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Circulating Library

Now we arrive at the true beginning,

as promised, in 1865, when J.S. Boughton purchased $150 dollars worth of books and decided to open a circulating library in Hartman’s building (what is now 733 Massachusetts Street). On April 2, The Daily Kansas Tribune announced the opening of Boughton's circulating library that evening. 

"It will be a worthy enterprise," the article said, "and should receive the encouragement and support of every good citizen." 

Advertisement for J.S. Boughton's Circulating Library, 1866
1. Lawrencians were avid, enthusiastic readers, eager to borrow any book they could get their hands on (the selection at Boughton's library cannot have been wide), as long as it gave them a chance to spend some time with the written word.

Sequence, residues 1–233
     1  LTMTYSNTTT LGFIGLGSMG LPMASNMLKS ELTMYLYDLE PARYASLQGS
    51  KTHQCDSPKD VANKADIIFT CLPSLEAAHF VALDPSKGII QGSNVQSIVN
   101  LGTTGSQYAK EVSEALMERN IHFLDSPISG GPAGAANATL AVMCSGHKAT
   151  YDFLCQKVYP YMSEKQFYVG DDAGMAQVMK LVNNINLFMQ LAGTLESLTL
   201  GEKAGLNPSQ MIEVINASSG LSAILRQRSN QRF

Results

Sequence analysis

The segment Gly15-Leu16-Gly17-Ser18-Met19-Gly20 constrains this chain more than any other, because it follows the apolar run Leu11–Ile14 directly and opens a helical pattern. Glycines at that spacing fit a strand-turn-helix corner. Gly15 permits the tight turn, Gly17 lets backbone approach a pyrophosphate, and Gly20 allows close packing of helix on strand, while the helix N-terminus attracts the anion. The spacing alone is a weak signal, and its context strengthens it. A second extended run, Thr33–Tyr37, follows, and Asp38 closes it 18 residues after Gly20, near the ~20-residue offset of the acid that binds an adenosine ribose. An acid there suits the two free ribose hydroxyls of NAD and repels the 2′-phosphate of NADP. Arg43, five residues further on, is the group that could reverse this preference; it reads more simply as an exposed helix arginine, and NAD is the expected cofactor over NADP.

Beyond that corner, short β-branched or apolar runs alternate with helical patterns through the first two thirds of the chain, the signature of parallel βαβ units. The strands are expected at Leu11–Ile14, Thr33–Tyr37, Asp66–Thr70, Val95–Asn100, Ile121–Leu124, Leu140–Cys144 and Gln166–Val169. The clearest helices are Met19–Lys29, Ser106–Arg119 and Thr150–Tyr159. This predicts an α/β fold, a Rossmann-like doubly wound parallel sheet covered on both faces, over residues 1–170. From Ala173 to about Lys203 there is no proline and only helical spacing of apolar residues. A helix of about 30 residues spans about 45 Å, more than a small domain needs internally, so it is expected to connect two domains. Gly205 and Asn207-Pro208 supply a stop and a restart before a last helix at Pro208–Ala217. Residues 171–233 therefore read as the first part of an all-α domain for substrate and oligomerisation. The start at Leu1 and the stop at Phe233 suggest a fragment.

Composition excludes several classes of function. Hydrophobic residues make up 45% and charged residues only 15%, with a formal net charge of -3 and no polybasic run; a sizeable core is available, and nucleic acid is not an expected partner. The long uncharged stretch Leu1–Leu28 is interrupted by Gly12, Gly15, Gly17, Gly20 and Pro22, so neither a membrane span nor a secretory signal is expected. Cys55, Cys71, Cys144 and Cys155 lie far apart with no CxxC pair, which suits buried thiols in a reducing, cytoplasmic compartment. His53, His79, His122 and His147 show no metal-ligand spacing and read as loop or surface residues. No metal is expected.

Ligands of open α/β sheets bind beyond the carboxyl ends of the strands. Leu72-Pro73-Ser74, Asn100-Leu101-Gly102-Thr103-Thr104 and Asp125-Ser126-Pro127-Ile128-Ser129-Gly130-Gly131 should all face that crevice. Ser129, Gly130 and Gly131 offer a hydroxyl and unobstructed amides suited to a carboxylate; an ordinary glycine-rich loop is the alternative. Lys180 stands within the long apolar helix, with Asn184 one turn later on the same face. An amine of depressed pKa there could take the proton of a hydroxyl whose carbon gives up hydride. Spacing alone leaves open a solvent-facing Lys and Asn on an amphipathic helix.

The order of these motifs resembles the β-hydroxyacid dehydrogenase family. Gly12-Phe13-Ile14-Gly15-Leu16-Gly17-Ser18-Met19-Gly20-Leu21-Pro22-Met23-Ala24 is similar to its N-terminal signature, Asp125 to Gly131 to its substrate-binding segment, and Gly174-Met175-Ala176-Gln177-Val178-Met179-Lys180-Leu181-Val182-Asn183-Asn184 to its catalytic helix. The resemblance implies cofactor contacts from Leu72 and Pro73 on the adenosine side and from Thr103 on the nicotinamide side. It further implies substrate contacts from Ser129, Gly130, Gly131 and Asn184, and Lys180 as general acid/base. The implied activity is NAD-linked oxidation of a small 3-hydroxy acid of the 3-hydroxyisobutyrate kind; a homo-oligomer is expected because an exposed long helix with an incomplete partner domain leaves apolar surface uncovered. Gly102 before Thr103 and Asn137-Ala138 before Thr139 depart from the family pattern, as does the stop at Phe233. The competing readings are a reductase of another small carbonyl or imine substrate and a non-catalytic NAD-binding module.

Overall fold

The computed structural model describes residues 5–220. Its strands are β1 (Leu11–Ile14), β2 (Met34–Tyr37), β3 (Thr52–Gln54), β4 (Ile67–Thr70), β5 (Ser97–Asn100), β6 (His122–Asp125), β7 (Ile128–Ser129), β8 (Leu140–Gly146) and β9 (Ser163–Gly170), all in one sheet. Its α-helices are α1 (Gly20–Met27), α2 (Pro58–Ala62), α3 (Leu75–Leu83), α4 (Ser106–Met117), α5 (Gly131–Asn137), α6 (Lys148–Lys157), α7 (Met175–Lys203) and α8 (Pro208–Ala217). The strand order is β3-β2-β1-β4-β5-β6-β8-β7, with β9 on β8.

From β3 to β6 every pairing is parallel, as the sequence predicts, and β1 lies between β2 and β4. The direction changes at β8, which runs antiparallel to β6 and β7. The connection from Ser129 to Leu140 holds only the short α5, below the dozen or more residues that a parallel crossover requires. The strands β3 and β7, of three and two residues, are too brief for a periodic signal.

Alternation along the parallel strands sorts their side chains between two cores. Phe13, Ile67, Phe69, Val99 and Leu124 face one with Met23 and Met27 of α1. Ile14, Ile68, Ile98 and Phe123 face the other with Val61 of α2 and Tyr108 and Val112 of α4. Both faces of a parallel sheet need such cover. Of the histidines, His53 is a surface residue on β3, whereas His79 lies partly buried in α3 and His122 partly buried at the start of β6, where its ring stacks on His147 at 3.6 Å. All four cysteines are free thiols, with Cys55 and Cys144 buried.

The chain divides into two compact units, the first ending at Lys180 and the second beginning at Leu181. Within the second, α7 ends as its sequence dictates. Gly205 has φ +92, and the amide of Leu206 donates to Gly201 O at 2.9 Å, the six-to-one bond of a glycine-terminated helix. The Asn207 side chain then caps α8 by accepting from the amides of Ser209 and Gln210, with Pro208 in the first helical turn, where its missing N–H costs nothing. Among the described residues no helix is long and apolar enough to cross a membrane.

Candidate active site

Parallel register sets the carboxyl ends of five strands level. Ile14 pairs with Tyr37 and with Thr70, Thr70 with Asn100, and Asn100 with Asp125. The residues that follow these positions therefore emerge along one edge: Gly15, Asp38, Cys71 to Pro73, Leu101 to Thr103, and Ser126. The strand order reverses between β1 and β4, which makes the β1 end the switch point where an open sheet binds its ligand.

2. J.S. Boughton was vastly underequipped to singlehandedly meet the reading needs of this bookthirsty hoarde.

Boughton knew this all too well, and during the course of the year that the library was under his sole management, he tried several times without success to organize a library association to undertake the work of the library. 

Finally in 1866, less than a year after opening his library, Boughton succeeded...

And the Lawrence Library Association was born.